The Lib Dems' family feud on welfare

Party activists are seething about the welfare reform bill.

An awful lot of the Lib Dem grassroots spent last week feeling the pain of the betrayed spouse. And it's nothing to do with Chris Huhne

Two weeks ago it was all chocolates and flowers from those on high with the promise of the raising of tax thresholds, and all the arguments and flirtations with other party's policies seemed like another life. We wandered around starry eyed...

...until last Wednesday, when we walked into the smack of firm government, as our MPs - with some very notable exceptions - undid all the good work of so many members of the House of Lords on the Welfare Reform Bill. And it's left a lot of members of the party feeling bruised, bloodied and ignored.

They're not taking it lying down. And it's not just the usual suspects - right across the party, folk are asking our Parliamentarians just what were you thinking?

And what's really riled the troops this time - over and above the fact that they fundamentally disagree with lots of the Bill - is that, particularly where Employment and Support Allowance (ESA) is concerned, it flies in the face of party policy. A policy agreed not in some far distant conference in the long years of opposition, but last September, in Birmingham. And when they get answers - and it's to their credit that our MP's do front up - they don't like them much.

In other parties, policy is generally decided by a small elite. For example, in the Tories, it's pretty much one man, one vote, that man currently being called David. There are plenty in Labour who wish they could say exactly the same.

In the Lib Dems, it's meant to be different. In all those long years of opposition, the final decision on policy has rested with the members through conference. Which apparently worked fine then, but less well now we're in government - because our MPs appear to find themselves conflicted.

Should they represent the views of the party, their own opinion , or the will of the people -like it or not, the welfare reforms are hugely popular with the electorate at large. And to be fair, it's a conundrum Lib Dem backbenchers struggle with over and over again. Every single backbencher in the parliamentary party has rebelled against the government at least once since May 2010, bar one (step forward David Laws).

Nevertheless, there are a lot of disgruntled Lib Dem activists sitting at home right now seething about the WRB. And questioning the way we agree - and execute - policy as a party. There's going to be a right old barney about it, and we'll do well to keep much of it behind closed doors. But I hope we do.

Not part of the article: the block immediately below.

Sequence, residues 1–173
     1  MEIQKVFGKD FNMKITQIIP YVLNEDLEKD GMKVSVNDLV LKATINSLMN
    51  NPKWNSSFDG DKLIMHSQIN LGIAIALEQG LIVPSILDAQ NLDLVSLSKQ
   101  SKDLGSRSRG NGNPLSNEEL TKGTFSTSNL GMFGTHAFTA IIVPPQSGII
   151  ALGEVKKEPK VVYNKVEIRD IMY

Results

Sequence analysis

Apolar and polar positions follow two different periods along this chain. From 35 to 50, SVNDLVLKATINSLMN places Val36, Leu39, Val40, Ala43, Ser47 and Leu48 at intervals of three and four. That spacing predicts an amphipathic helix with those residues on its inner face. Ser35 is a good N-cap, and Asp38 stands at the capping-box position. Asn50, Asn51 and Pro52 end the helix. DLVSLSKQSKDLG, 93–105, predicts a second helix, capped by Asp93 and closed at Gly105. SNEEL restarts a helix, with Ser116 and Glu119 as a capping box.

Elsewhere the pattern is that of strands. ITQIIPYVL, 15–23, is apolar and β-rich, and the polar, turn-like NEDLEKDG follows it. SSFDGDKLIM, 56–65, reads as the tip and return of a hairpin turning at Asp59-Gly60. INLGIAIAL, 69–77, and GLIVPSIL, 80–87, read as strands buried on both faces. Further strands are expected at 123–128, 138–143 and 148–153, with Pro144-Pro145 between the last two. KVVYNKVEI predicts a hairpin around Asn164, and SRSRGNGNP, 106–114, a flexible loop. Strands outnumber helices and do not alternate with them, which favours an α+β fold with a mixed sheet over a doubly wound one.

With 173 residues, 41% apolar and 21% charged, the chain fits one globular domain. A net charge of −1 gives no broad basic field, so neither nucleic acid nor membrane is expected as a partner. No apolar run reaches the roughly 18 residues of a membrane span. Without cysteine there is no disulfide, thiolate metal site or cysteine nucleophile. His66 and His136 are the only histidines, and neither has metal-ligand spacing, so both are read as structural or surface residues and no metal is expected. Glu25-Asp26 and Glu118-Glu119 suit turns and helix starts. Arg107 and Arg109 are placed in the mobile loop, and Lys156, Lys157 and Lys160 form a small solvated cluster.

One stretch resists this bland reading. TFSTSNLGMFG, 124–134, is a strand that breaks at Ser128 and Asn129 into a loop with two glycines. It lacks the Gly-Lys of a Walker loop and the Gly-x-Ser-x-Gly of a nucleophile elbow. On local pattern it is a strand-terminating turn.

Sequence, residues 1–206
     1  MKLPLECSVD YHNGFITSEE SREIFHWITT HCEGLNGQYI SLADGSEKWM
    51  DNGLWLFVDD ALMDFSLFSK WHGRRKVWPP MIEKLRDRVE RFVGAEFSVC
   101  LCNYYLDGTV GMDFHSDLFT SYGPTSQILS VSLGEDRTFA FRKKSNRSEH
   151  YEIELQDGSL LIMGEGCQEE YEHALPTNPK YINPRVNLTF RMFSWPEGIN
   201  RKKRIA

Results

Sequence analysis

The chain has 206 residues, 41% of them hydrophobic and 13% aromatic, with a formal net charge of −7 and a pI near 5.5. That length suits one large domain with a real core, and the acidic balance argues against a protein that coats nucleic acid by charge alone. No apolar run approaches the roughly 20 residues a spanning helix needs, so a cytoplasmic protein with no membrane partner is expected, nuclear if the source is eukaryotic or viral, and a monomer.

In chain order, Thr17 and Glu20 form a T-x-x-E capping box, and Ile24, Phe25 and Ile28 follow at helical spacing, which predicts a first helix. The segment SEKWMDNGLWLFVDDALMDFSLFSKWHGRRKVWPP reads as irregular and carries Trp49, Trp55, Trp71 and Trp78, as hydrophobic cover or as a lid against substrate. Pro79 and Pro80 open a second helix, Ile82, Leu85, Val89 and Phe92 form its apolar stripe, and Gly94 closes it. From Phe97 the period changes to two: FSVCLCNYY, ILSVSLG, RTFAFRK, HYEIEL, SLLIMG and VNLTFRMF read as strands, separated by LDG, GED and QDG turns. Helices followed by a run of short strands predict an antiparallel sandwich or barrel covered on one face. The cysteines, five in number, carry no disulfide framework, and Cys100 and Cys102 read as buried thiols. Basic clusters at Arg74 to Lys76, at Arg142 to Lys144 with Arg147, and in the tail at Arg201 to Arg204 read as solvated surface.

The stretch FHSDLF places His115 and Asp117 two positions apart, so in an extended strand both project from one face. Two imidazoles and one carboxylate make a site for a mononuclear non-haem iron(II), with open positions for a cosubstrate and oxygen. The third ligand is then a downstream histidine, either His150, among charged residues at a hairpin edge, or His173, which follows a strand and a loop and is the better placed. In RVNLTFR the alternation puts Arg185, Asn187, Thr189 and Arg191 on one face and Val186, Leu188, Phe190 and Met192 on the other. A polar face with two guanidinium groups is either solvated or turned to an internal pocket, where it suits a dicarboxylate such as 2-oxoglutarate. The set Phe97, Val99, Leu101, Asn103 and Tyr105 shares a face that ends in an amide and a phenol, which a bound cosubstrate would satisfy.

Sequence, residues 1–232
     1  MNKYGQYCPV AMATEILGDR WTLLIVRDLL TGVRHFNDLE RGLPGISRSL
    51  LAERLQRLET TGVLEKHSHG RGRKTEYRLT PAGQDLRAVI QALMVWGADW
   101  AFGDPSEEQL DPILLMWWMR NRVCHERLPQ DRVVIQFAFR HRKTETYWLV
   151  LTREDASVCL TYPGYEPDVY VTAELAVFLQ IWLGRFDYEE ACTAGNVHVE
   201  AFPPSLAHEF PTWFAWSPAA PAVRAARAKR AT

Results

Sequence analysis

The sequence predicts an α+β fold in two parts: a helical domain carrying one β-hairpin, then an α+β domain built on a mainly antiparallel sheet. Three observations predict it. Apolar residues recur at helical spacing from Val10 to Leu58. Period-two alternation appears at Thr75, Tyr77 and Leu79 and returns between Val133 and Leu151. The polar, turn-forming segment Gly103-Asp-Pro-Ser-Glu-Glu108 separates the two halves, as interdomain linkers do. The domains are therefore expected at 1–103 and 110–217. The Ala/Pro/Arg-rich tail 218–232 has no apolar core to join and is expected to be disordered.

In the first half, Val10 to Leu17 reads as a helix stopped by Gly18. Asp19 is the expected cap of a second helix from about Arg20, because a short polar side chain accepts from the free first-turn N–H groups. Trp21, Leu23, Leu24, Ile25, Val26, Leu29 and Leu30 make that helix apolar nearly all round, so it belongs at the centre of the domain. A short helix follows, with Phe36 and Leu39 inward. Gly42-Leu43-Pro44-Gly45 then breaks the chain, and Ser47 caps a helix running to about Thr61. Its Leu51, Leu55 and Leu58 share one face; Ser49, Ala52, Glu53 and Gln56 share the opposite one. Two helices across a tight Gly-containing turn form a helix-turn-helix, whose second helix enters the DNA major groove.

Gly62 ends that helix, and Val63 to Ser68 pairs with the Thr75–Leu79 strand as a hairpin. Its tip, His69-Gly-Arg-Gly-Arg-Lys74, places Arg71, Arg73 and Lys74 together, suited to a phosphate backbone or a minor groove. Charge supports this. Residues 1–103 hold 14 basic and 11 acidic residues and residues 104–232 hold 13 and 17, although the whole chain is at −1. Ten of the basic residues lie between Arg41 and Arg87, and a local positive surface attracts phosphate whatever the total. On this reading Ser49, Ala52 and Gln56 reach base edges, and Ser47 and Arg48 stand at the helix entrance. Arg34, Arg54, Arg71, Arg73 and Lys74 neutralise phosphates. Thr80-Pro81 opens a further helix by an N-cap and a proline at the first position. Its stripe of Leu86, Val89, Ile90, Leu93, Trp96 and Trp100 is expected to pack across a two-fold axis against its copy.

Letting family feuds spiral into the public domain seldom ends well for anyone involved, does it....

Richard Morris blogs at A View From Ham Common, which was named Best New Blog at the 2011 Lib Dem Conference

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No, David Cameron’s speech was not “left wing”

Come on, guys.

There is a strange journalistic phenomenon that occurs when a party leader makes a speech. It is a blend of groupthink, relief, utter certainty, and online backslapping. It happened particularly quickly after David Cameron’s speech to Tory party conference today. A few pundits decided that – because he mentioned, like, diversity and social mobility – this was a centre-left speech. A leftwing speech, even. Or at least a clear grab for the liberal centre ground. And so that’s what everyone now believes. The analysis is decided. The commentary is written. Thank God for that.

Really? It’s quite easy, even as one of those nasty, wicked Tories, to mention that you actually don’t much like racism, and point out that you’d quite like poor children to get jobs, without moving onto Labour's "territory". Which normal person is in favour of discriminating against someone on the basis of race, or blocking opportunity on the basis of class? Of course he’s against that. He’s a politician operating in a liberal democracy. And this isn’t Ukip conference.

Looking at the whole package, it was actually quite a rightwing speech. It was a paean to defence – championing drones, protecting Britain from the evils of the world, and getting all excited about “launching the biggest aircraft carriers in our history”.

It was a festival of flagwaving guff about the British “character”, a celebration of shoehorning our history chronologically onto the curriculum, looking towards a “Greater Britain”, asking for more “national pride”. There was even a Bake Off pun.

He also deployed the illiberal device of inculcating a divide-and-rule fear of the “shadow of extremism – hanging over every single one of us”, informing us that children in UK madrassas are having their “heads filled with poison and their hearts filled with hate”, and saying Britain shouldn’t be “overwhelmed” with refugees, before quickly changing the subject to ousting Assad. How unashamedly centrist, of you, Mr Prime Minister.

Benefit cuts and a reduction of tax credits will mean the Prime Minister’s enthusiasm for “equality of opportunity, as opposed to equality of outcome” will be just that – with the outcome pretty bleak for those who end up losing any opportunity that comes with state support. And his excitement about diversity in his cabinet rings a little hollow the day following a tubthumping anti-immigration speech from his Home Secretary.

If this year's Tory conference wins the party votes, it’ll be because of its conservative commitment – not lefty love bombing.

Anoosh Chakelian is deputy web editor at the New Statesman.